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We thought that perhaps our species thrives best and most creatively in a state of semi-anarchy, governed by loose rules and half-practiced mores. To this we add the premise that over-integration in human groups might parallel the law in paleontology that over-armor and over-ornamentation are symptoms of decay and disappearance. Indeed, we thought, over-integration might be the symptom of human decay. We thought: there is no creative unit in the human save the individual working alone. In pure creativeness, in art, in music, in mathematics ... the creative principle is a lonely and individual matter. Groups can correlate, investigate, and build, but we could not think of any group that has ever created or invented anything. Indeed, the first impulse of the group seems to be to destroy the creation and the creator. ...
Pain don't hurt: Flat descriptions about someone's emotional state bring tears from editors, not readers. Now, don't look to me for fixes on this, I'm not the best with emotion, but I do know you can't just say "His accusation made her feel bad." Describe the feeling bad through images or actions. Did her face heat up with shame, or did it cause ice to form in her gut, or did she flee to the bathroom and sob into her scarf?More is Less: Quality, not quantity. A single arresting image can be more horrifying than a page full of splatter. This also goes for heroics, landscaping, and descriptions of boobs.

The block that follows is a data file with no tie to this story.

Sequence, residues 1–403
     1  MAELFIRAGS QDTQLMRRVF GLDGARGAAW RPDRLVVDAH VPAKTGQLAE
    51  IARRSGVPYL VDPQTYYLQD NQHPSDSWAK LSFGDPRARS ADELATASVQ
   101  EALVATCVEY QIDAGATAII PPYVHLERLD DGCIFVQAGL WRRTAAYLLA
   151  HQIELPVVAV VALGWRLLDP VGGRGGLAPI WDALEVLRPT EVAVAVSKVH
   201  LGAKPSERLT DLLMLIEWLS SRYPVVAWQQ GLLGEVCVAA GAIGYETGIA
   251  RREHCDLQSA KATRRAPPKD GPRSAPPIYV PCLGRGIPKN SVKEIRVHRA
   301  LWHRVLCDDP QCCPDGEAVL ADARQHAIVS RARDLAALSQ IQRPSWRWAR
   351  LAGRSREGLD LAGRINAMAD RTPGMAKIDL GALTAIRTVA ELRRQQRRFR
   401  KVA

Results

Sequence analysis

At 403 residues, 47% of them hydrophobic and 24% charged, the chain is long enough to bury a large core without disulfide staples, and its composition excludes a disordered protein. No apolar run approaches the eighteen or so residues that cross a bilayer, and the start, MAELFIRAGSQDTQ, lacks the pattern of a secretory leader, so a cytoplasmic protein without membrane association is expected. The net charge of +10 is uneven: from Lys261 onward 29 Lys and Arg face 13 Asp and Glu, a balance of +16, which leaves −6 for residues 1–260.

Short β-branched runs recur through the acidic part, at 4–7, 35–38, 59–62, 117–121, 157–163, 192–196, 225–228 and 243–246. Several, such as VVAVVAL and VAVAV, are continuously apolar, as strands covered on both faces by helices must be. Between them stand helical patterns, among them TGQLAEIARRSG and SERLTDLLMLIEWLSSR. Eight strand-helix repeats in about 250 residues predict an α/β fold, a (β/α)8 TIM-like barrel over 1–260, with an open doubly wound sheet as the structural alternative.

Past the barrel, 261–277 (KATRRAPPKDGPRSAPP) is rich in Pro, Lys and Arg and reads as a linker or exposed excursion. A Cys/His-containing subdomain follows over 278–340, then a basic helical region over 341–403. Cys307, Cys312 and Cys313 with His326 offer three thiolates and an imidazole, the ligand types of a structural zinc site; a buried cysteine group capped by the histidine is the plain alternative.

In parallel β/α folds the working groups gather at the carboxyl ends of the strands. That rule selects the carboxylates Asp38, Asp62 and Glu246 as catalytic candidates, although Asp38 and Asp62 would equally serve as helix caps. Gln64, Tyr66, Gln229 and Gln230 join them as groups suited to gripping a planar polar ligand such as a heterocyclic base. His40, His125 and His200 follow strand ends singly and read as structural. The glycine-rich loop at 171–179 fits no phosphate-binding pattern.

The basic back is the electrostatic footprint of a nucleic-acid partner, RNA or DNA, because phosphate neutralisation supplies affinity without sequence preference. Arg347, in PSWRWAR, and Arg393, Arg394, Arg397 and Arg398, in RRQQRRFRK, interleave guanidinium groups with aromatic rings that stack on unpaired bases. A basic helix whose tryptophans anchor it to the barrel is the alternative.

1. YOU'RE and YOURIf you have no idea when to use which. Well, you're not on your own. This is perhaps the most common mistake of all. Heaven knows why. The distinction is really quite simple: * You're is used to substitute the words "you are." * Your is a word you use when referring to something that belongs to the person you're speaking to. "Your purse," "your coat," and so on - and not "Your late!" or "Your wrong!"2. IT'S and ITSClose cousins of you're and your, it's and its suffer about the same amount of misuse. * It's (with an apostrophe) replaces "It is" or "It has." (It's easy to remember!) * Its (with no apostrophe) refers to something that belongs to "it." (Its meaning is clear!)3. THEY'RE, THEIR, and THEREAh, the triple treat - or terror, as the case may be. * They're is short for "They are." * Their refers to something that belongs to "them." * And there is simply "not here.""They're going to their house, which is over there."4. TO and TOOWhen you mean "overly," please remember to add the extra O - or face the consequences. I once received a heated text message that was meant to make me angry: "TO BAD!" it shouted in loud, aggressive capitals. I ended up in uncontrollable giggles instead. Too bad indeed.5. LOOSE and LOSEThis one really drives me batty. And when I lose my mind, I often let loose a string of expletives. When what you want to say is the opposite of find, then lose the extra O. Loose (with two o's) is the opposite of tight.
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